In an ideal scenario, Juneau sports clubs would like to someday have an artificial-turf soccer field and basketball courts under the same roof in a new center that's being eyed for the Mendenhall Valley.
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But there may be room for just one.
About $4 million appropriated by the state is available for a valley recreation center that is expected to be used for field sports, such as soccer, and possibly batting cages. Representatives of other sports clubs, such as basketball and wrestling, however, are wondering if they can have a slice of the pie.
The bill that includes the funding states it shall be given to the Juneau Community Foundation, a nonprofit group that supports the Juneau Soccer Club, as well as Big Brothers Big Sisters of Southeast Alaska and United Way.
"I think HoopTime's official position is that we would love to be involved in discussions concerning design, engineering, construction and maintaining some type of a recreation facility," said the club's incoming president, Daryl Miller.
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HoopTime runs basketball leagues for school children in grades five through eight, with about 150 participants. Each season presents a challenge to find spare courts to practice and play.
Schools are given first preference for local courts, then the city leagues and, finally, the nonprofits such as HoopTime, Miller said. A downtown court upstairs in the aging Terry Miller Legislative Office Building is often the club's only option.
"It's really fun to put an eighth-grade boys' team of about 10 to 15 players and an eighth-grade girls' team of about 12 to 14 players on that court and expect coaches to run two simultaneous practices," Miller said.
Three other sports clubs - the Crimson Bears Wrestling, another wrestling club named Tornados and the Southeast Roadrunners - joined HoopTime this year in lobbying the state for an indoor court facility.
"We will do whatever the legislative intent for the appropriation is," said Reed Stoops, president of the Juneau Community Foundation.
Stoops said he has not met with the board of directors or Juneau's legislative delegation to discuss plans and learn more details about the appropriation.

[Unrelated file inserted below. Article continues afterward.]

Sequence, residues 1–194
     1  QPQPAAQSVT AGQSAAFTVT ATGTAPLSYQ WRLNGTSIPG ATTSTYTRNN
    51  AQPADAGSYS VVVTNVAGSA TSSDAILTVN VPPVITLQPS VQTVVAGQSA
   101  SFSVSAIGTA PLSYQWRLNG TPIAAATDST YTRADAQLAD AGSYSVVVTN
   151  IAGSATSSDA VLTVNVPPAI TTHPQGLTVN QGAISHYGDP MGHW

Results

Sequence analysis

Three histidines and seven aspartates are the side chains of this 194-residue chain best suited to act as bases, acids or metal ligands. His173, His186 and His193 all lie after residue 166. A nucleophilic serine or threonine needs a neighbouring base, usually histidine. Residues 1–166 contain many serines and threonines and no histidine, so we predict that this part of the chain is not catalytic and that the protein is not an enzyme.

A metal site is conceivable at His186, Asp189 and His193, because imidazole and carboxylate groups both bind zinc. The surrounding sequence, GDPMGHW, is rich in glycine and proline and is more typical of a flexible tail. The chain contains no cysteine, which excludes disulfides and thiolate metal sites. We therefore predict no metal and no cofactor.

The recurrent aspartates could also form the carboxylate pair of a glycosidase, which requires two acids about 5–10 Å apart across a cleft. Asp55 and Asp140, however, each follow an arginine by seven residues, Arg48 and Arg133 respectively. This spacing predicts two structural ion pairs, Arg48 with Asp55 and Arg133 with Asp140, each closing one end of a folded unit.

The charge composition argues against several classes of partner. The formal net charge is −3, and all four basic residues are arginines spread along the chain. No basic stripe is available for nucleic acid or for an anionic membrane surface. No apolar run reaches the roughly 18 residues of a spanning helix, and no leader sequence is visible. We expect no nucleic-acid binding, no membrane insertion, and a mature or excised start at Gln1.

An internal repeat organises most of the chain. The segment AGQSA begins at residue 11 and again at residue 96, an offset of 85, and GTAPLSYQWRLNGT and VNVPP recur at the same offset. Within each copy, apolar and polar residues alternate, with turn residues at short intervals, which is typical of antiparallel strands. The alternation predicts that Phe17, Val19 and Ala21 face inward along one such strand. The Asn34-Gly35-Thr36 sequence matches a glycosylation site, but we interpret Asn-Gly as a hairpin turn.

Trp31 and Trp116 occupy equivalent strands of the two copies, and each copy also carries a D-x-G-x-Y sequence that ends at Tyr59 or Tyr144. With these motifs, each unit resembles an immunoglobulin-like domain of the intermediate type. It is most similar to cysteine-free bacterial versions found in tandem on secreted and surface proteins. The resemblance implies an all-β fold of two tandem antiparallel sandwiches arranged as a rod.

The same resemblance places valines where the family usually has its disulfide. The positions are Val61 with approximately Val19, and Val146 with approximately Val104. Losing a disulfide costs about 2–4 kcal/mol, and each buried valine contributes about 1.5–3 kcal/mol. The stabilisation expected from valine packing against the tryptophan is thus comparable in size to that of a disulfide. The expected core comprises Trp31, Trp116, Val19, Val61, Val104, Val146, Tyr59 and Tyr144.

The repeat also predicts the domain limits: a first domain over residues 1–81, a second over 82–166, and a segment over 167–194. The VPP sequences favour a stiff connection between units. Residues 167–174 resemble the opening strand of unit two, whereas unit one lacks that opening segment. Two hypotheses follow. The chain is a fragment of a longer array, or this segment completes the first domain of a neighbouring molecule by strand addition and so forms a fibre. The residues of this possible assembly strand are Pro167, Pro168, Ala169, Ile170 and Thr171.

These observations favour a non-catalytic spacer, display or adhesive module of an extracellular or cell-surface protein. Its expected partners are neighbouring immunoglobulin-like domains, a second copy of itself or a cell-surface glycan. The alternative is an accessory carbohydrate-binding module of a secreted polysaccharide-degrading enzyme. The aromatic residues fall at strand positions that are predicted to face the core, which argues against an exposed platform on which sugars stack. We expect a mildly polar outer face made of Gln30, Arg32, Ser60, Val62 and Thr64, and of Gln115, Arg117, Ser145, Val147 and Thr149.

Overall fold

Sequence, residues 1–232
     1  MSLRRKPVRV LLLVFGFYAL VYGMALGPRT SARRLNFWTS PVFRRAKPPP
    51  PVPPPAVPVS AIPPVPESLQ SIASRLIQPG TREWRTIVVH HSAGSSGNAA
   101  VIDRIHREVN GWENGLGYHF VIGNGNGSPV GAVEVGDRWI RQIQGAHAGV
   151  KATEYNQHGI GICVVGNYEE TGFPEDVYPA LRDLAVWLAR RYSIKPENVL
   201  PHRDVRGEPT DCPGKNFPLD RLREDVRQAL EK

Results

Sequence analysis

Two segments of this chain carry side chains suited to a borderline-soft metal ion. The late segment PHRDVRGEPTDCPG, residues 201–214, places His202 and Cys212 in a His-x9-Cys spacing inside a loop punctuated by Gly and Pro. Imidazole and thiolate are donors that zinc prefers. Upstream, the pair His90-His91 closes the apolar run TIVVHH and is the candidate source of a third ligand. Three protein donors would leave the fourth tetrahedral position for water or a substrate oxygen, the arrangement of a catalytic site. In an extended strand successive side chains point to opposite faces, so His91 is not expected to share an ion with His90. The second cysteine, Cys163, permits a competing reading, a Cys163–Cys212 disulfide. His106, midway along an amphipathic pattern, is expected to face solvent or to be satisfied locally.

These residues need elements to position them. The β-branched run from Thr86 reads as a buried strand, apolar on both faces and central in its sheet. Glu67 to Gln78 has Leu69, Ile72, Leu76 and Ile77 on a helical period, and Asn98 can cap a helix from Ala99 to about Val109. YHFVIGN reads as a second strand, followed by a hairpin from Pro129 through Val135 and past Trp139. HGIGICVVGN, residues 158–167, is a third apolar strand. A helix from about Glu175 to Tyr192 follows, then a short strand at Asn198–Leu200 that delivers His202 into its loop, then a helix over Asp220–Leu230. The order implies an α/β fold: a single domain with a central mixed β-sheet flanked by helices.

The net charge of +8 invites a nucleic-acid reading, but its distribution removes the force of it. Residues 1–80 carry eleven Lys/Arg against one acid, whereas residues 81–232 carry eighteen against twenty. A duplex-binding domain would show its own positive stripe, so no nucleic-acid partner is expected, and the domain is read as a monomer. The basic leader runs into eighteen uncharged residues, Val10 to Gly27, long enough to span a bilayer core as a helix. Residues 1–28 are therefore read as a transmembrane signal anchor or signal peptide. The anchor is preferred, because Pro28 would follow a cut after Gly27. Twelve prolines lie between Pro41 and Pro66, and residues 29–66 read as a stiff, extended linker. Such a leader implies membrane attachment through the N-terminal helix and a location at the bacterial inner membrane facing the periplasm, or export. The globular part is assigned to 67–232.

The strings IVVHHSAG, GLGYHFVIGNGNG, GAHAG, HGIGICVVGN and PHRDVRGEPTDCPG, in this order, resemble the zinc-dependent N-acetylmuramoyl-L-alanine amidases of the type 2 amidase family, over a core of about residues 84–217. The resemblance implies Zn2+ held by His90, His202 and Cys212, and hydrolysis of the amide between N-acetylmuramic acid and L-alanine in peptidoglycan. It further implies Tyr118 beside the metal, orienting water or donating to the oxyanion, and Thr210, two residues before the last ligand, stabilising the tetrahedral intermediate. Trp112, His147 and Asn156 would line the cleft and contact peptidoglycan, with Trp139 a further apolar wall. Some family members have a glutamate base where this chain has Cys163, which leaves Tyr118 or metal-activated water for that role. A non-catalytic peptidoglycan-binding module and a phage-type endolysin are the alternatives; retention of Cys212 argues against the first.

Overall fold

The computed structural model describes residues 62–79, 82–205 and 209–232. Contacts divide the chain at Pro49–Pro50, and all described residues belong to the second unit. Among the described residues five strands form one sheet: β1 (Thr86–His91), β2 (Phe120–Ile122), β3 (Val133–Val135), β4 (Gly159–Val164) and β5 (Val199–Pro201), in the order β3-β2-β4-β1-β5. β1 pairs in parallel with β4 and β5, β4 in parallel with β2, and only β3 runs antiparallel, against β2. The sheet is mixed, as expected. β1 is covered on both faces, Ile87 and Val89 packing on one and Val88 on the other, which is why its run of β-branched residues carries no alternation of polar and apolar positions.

"In the meantime, we would certainly be happy to include anybody that we reasonably can for the amount that is available," Stoops said.
Rep. Bruce Weyhrauch, R-Juneau, who sits on the House Finance Committee, was instrumental in getting the $4 million for the center.
"The whole intent here was to give this money to the Juneau Community Foundation to get a covered facility for the kids in Juneau and visitors to come to Juneau," he said.
He added that the curse of having money during times of a budget surplus is that groups begin fighting for it.
City Manager Rod Swope said he would be willing to talk with the Juneau Community Foundation to see if they would share a portion of that money with HoopTime or accommodate the club with its planned facility.
"That would be the perfect situation, if they would be willing to share the money and if the site was large enough to accommodate both facilities. But I don't know if that's the case," Swope said.
A section of Dimond Park may be adequate for the Juneau Community Foundation's center, but it would depend on the size of the project, Swope said.
The city manager said it would be even harder to locate another parcel for a basketball center.
"We were really hard-pressed to come up with this," he said.
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